• Kip and Peewee (12 year old Patricia Wynant Reisfeld) are such fun characters to read about. They are brave and gallant and just what and how we would want our idealized children to act!
  • I like the systematic way Kip goes about entering a contest to win a trip to the Moon.
  • The Mother Thing is also a great character embodying all that a mother should be. Parts of this book reminded me a little of A Wrinkle in Time. I think it was because of the Mother Thing. However, A Wrinkle in Time is a very different book. And deserves its place as a classic children’s book. It was also one of my favorites as a child.

Jeers

  • The plot is pretty simple and predictable, but it’s a book that a young teen could read and enjoy and I like that.
  • Heinlein is preachy in his books, but again I don’t mind too much. And I think I formed some of my ideals from his books.

And a few thoughts . . .

  • I’m using this book as my TBR read for the month of December (hosted by Wendy @ The Misadventures of Super Librarian). It doesn’t fit the category of Christmas book, but I have had the paper book for years so I’m using it anyway. And I could stretch things and say a young reader would enjoy reading this book at Christmas…LOL!
  • We get a lot of Heinlein’s philosophy of life in this book as in others he writes. I think the quotes really illustrate that.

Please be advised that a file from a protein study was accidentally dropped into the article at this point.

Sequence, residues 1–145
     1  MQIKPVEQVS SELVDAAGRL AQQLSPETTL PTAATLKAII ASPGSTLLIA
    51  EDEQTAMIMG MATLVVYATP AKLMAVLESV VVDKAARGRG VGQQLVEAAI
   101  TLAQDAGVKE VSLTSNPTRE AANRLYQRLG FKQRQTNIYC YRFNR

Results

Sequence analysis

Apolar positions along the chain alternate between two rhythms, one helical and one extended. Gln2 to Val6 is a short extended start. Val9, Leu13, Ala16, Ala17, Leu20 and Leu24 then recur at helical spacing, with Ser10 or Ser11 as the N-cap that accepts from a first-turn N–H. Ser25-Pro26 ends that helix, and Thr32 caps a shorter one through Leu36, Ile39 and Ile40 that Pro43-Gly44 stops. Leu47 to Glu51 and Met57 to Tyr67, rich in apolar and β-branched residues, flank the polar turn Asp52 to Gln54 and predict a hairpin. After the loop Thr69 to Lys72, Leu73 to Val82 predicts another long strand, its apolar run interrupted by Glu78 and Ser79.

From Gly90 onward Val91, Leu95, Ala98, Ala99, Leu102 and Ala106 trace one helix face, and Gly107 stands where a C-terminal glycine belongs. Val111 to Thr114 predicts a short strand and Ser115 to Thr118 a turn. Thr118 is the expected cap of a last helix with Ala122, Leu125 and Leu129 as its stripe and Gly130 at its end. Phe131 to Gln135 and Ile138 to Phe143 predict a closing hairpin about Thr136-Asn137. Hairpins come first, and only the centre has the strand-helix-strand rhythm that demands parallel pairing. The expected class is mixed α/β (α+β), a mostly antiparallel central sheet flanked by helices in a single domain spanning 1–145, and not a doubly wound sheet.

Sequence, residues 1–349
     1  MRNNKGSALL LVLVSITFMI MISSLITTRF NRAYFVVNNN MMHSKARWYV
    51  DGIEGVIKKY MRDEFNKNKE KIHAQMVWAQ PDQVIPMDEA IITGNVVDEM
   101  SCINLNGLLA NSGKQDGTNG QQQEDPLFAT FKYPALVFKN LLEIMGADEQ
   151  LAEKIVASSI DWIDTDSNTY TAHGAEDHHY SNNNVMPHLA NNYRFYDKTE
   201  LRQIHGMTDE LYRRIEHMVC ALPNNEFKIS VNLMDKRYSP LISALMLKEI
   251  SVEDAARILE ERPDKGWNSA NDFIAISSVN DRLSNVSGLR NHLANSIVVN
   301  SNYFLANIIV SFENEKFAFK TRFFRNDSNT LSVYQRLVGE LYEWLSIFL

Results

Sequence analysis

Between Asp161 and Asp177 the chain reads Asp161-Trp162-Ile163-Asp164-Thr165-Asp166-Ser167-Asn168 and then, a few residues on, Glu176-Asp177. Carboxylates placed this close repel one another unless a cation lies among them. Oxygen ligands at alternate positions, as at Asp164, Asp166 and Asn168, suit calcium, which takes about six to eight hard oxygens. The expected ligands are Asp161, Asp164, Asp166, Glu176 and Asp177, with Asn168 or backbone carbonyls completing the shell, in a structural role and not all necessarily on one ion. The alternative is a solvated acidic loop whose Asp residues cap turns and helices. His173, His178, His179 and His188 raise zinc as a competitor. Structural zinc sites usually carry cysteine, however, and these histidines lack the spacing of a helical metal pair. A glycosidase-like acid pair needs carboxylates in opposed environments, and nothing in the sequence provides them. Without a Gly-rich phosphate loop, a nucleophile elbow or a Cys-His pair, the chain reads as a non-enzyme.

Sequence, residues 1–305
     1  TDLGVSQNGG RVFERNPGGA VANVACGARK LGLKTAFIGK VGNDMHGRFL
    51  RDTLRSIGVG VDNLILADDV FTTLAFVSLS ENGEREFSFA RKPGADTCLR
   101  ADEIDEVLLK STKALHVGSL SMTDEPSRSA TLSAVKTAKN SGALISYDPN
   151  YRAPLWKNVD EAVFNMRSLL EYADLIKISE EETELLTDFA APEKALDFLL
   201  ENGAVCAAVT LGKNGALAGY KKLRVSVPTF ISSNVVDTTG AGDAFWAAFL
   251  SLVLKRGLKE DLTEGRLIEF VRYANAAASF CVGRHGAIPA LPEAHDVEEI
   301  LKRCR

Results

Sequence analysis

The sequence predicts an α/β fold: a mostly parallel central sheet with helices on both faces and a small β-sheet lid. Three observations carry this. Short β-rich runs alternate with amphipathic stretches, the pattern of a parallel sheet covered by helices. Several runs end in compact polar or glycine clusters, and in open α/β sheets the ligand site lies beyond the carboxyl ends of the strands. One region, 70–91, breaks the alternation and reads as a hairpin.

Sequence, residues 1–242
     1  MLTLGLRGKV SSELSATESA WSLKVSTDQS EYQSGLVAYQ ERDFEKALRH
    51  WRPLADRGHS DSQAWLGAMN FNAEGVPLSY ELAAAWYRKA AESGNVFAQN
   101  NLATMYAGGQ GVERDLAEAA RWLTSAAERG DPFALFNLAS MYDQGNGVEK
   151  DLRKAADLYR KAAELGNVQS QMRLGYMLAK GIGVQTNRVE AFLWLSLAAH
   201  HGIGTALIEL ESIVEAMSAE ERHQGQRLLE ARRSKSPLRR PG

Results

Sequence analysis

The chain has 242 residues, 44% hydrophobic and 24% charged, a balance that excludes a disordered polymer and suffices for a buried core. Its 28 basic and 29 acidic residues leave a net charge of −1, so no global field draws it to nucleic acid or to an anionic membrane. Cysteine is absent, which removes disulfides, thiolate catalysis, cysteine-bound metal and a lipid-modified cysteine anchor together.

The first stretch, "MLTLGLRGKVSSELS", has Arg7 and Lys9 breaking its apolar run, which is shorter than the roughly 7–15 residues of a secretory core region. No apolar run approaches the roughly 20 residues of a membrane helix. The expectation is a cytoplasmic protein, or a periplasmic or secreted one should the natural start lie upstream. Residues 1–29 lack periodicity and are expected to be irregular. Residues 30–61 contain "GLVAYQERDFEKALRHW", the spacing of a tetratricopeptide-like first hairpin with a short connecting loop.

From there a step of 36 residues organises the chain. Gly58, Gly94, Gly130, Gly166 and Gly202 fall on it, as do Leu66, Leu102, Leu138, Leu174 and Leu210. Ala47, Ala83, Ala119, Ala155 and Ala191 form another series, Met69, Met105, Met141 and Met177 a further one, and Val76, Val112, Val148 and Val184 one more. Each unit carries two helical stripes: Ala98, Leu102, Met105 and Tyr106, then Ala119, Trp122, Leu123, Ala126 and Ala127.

• Many of his books are written during the Cold War and have a real feeling that the U.S. has enemies and the U.S. could be defeated by them if the government isn’t vigilant. Whether his books are written about a futuristic Earth or about a futuristic space world many of the books indicate the government might not be ready, but individual citizens are prepared and will take back their country.
  • Another reason I enjoyed this book is that one of my daughters won a national contest with her team of three other girls when she was in third grade. They had to build a spacesuit and explain on a video how it would work if they were on Mars. They won a trip to Space Camp. For a long time my daughter wanted to be an astronaut. And she did become a scientist. I thought of her when I read about Kip and Peewee.

Have you read this book? How did you like it?